What is a fracture?
Simply put, a fracture is a broken bone. 
There are many types of fractures:  Open fractures, Closed fractures, Transverse fractures, Oblique fractures, Spiral fractures, Stress fractures, and so on.  But these are all simply ways to classify different types of broken bones.


How do you get fractures?
A bone can become fractured from one of two ways: 
  • A sudden trauma (like a fall down some stairs, or a car accident)
  • A slow, gradual build-up of strain that eventually over-fatigues the bone until it breaks (known as 'stress fractures', these are very frequently seen in the foot)

While there is not too much you can do to avoid accidental trauma, there are a host of factors that can influence whether a bone will be likely to break from a gradual build-up of stresses from overuse. 

For example, your occupation plays a role (jobs that require long periods of weight bearing will put more stress on bones that more sedentary ones); your shoes make a difference (high heels, for example, can put an enormous strain on your metatarsal bones); weight, health and nutrition also play major roles.

Additionally, certain inherited metabolic bone diseases can make it weaker than normal (as with Osteogenesis Imperfecta, for example), and certain acquired diseases can affect bone (as with Paget's disease and Rickets).  Most common, however, is the weakening of bone over time from osteoporosis.

Which bones can become fractured?  
Any bone can become fractured, especially from trauma.  In the foot, the most likely bones to become fractured, though, are the heel bone (calcaneus), the ankle (usually the fibula), the ball of the foot (metatarsals), and toe bones (phalanges). 
How do you treat fractures?
Fractures are pretty well treated with the same concept in mind: for a fracture to heal, the two opposing bony ends from moving.  This is called 'immobilization'.  This can be achieved from fibreglass or plaster casts, soft casts (like an Unna's boot, e.g.), splints, taping, or from surgical implantation of wires, pins, screws, plates, or a device known as an external fixator.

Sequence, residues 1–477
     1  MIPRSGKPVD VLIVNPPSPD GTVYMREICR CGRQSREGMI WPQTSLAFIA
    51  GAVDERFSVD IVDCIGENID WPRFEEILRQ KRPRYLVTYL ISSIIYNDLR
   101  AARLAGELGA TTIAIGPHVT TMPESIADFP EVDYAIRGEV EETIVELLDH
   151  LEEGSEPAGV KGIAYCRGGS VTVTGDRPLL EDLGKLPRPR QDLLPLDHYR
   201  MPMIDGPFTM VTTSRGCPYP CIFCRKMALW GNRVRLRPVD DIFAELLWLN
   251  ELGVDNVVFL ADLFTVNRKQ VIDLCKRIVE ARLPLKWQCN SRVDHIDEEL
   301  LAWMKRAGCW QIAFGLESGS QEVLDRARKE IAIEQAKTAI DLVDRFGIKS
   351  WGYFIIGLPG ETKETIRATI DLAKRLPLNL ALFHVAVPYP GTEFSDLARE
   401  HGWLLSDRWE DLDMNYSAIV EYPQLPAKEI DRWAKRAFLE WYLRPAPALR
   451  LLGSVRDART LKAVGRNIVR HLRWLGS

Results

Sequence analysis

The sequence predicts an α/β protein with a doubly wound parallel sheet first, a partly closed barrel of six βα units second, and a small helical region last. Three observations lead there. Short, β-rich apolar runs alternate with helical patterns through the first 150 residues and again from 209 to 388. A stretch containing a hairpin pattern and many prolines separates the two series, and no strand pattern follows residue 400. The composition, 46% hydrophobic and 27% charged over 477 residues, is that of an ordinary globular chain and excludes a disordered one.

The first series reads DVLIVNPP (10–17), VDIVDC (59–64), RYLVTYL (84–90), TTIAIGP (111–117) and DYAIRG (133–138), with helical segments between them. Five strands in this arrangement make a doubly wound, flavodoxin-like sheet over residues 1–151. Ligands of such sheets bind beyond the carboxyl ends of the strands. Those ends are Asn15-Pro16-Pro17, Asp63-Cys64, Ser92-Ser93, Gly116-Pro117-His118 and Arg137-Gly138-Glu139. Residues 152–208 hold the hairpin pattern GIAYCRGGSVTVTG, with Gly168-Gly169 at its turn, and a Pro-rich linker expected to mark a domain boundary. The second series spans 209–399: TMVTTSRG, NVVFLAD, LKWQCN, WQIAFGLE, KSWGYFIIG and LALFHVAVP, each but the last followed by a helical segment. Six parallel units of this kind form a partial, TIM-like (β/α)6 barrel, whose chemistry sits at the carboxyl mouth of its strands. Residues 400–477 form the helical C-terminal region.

But you don't treat fractures of the toe bones, right?
Yes you should.   Admittedly, toe bone fractures seem to be ignored in a lot of emergency rooms, but they shouldn't be. 
Your toe bones are no different from any bone in your body.   Those same E.R. doctors would likely treat the exact same fracture if it were in the hand, for example, and the foot goes through a lot more stress and strain with each step than does your hand.  In fact, because the bones are so small, the fracture is somewhat more likely to extend into a joint than in other bones, which can cause long-term arthritis and pain. 
It's too bad toe fractures (and even metatarsal fractures) are ignored as much as they are.  It's quite easy to immobilize a toe with tape, for example.  Not only does this allow them to heal more quickly, but they heal with less pain, too.  So, by all means, yes, fractures of the toe bones should be treated.
How do you know which is the best way to treat a given fracture?
Each fracture is different, and the decision on treatment is made on a case-by-case basis.  Some bones heal better or more quickly than other bones, and some fracture patterns heal better or more quickly than other fracture patterns, even within the same bone. 
The physician must understand all the science behind healing, but also apply the science to each case.  This is why medicine is both a science and an art. 
How do you avoid fractures?
It may be hard to avoid fractures completely, as it's hard to avoid unexpected trauma.  But there are some simple things you can do to avoid certain fractures, such as stress fractures:
  • Wear appropriate shoes.  High heels predispose you to fractures of the bones in the ball of the foot, and poor work shoes can predispose you to ankle injuries, stress fractures of the toe bones, and other injuries. 
  • Avoid fatigue and over-stressing your bones.  New recruits in the army frequently suffer from stress fractures after 20-mile marches, for example, and long periods of shopping, aerobics, or other weight-bearing can do the same thing to any of us. 
  • Don't smoke.  There is little question that smoking worsens your body's ability to heal, and this includes healing from small amounts of strain in bone, before they become fractures.
  • Eat well.  Good nutrition is vital to allow your body the nutrients it needs to repair small stresses of bone.
  • If you are a post-menopausal female, have a family history, or have other risk factors, you may be more likely to develop osteoporosis, a disease that thins and weakens bone.  Bone density tests are available, as are medications to help you keep the calcium in your bones.     



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This website is operated by 
The Achilles Foot Health Centre
S. A. Schumacher, D.P.M., F.A.C.F.A.S., F.A.C.F.A.O.M.  
Dr. S. A. Schumacher, Podiatric Corporation  

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